Analyst: “…these alleged incidents targeting Grytsenko and Tymoshenko’s campaigns are merely the beginning of what we have expected from the outset to be a vicious, dirty election campaign.”

When the NKVD rounded up the Crimean Tatars and loaded them onto box cars for deportation to the wilds of Central Asia, the officers in Stalin’s secret police missed those who were living in three coastal villages.  That presented a problem: if they reported their mistake, they’d be exiled as well, and if they shot those people, they’d have to account for the bullets. So, Stalin’s NKVD detachments on the ground came up with a horrific “solution.” They loaded up the Crimean Tatars in these three villages onto garbage scows and had them pulled out into the deep waters of the Black Sea. There, the Soviet police beat them to death and tossed their bodies into the water.


Analyst: “…we still believe Ukrainian decision-makers will find some way to adhere to IMF recommendations on the anti-corruption court, even if barely so, and will find common ground on the other outstanding issues in the coming month.”

The reason Moscow has formed these death squad-like detachments in occupied Crimea, Shmulyevich says, is that they can be used there, shifted to Russia itself, or used in the event of a war. They can suppress dissent on the Ukrainian peninsula, they can attack demonstrators in Russia, and they can become a target in the event of a war.”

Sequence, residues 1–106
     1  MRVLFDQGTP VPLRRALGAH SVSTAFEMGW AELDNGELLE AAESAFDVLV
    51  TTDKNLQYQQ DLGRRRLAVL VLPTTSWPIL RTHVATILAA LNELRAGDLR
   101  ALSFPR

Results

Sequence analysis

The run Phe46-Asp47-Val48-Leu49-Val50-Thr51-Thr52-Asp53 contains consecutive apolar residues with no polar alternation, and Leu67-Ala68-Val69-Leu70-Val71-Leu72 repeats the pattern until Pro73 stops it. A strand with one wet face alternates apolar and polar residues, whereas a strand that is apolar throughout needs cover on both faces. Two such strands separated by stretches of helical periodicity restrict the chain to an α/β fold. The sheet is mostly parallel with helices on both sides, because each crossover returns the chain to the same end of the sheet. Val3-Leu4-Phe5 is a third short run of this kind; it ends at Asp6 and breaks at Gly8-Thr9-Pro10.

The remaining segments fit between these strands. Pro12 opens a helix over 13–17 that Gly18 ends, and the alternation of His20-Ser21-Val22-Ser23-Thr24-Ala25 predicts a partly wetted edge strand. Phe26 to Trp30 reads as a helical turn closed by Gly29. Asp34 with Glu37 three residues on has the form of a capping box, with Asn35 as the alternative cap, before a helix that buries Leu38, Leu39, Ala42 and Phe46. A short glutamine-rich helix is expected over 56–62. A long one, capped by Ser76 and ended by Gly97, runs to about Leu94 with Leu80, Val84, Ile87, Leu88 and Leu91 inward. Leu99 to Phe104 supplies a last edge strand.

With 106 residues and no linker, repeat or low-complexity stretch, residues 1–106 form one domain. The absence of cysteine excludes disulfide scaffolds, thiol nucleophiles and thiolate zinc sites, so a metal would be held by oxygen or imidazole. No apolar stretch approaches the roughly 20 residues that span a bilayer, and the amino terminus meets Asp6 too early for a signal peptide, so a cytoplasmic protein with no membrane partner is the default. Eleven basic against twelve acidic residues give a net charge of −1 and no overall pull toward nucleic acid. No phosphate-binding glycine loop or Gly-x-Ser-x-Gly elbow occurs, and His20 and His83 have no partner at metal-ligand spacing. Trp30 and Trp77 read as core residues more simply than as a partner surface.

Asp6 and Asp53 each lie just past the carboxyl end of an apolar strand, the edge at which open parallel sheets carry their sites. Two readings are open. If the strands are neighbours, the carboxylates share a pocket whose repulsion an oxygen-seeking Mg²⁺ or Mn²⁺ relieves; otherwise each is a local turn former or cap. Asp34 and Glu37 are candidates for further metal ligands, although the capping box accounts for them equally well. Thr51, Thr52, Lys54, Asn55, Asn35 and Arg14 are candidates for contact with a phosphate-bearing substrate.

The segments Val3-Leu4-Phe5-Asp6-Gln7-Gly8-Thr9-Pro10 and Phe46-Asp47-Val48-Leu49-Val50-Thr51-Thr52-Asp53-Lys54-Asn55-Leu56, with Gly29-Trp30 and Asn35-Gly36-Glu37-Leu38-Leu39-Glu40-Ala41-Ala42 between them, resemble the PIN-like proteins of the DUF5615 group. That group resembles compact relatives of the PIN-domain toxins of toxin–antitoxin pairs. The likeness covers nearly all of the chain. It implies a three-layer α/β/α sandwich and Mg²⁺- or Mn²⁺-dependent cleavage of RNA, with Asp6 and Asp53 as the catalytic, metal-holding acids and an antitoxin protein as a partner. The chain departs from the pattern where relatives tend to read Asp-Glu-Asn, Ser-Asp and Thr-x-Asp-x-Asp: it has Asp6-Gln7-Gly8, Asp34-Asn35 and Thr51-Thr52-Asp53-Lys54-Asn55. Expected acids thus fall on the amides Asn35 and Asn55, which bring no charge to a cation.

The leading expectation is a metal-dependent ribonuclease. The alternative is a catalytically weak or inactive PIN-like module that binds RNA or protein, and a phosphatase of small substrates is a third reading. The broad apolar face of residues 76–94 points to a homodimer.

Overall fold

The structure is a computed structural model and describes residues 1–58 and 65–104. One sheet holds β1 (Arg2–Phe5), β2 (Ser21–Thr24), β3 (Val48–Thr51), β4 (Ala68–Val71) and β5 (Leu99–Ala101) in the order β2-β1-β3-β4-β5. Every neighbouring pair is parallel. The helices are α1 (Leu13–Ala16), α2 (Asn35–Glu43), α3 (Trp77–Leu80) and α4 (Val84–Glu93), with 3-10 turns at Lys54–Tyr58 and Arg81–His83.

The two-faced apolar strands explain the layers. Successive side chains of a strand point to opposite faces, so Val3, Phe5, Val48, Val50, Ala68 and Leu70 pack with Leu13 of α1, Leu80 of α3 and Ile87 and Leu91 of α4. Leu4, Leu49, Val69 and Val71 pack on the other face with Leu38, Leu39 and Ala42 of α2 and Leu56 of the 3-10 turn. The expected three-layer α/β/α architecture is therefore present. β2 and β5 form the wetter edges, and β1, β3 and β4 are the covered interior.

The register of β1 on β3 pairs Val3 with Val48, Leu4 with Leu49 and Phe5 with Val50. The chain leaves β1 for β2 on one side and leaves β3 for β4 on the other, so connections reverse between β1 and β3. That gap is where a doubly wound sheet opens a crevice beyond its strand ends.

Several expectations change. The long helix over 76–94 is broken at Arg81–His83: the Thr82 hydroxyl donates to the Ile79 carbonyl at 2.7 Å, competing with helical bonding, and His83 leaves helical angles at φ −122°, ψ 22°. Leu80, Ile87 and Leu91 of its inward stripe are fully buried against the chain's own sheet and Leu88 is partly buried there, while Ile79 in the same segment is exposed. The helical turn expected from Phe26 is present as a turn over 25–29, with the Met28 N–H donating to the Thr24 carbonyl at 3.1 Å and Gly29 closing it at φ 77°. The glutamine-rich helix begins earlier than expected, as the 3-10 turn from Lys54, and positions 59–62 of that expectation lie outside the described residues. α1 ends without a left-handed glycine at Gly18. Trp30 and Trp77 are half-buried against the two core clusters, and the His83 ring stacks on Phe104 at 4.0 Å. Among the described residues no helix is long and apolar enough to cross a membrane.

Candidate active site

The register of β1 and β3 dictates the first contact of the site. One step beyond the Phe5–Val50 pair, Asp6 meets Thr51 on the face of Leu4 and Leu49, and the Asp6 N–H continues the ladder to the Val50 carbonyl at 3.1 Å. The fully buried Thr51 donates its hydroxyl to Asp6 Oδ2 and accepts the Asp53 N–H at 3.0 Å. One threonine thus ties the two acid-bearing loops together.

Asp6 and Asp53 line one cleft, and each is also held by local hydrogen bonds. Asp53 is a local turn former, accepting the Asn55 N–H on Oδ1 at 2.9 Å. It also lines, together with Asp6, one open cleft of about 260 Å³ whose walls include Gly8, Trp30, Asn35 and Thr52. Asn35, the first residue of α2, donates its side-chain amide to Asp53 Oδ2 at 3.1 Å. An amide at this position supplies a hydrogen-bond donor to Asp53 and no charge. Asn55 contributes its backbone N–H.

Analyst: “We project a 6.1% YTD monetary base increase in 2018 (vs. 4.6% YTD in 2017) on the back of limited budget deficit financing and potential gross reserves accumulation.”

Analyst: “We still expect the legislation’s approval in line with Western requirements. If that doesn’t happen and Ukraine fails to qualify for the IMF loan tranche, we don’t think Poroshenko will succeed in shifting the blame to parliament. In that scenario, we expect his poll ratings, already collapsing, will be irreparably ruined.”


Map detailing the military situation in the combat zone of eastern Ukraine as provided by the Ukraine Ministry of Defense



Analyst: “…continuing demand for long-term bonds points to an increased share of market participants who are ready to invest in UAH-denominated instruments. This is a sign of increased stability on Ukraine’s financial market.”


Analyst: “While justice needs to be pursued in this manner, the looming specter of such payments – let alone criminal charges – will only prompt the Russian government to double down in its resistance and hostility towards the global community.”


Most widely held and traded Ukrainian stock, Ferrexpo, finished the week with an overall 1.7% increase


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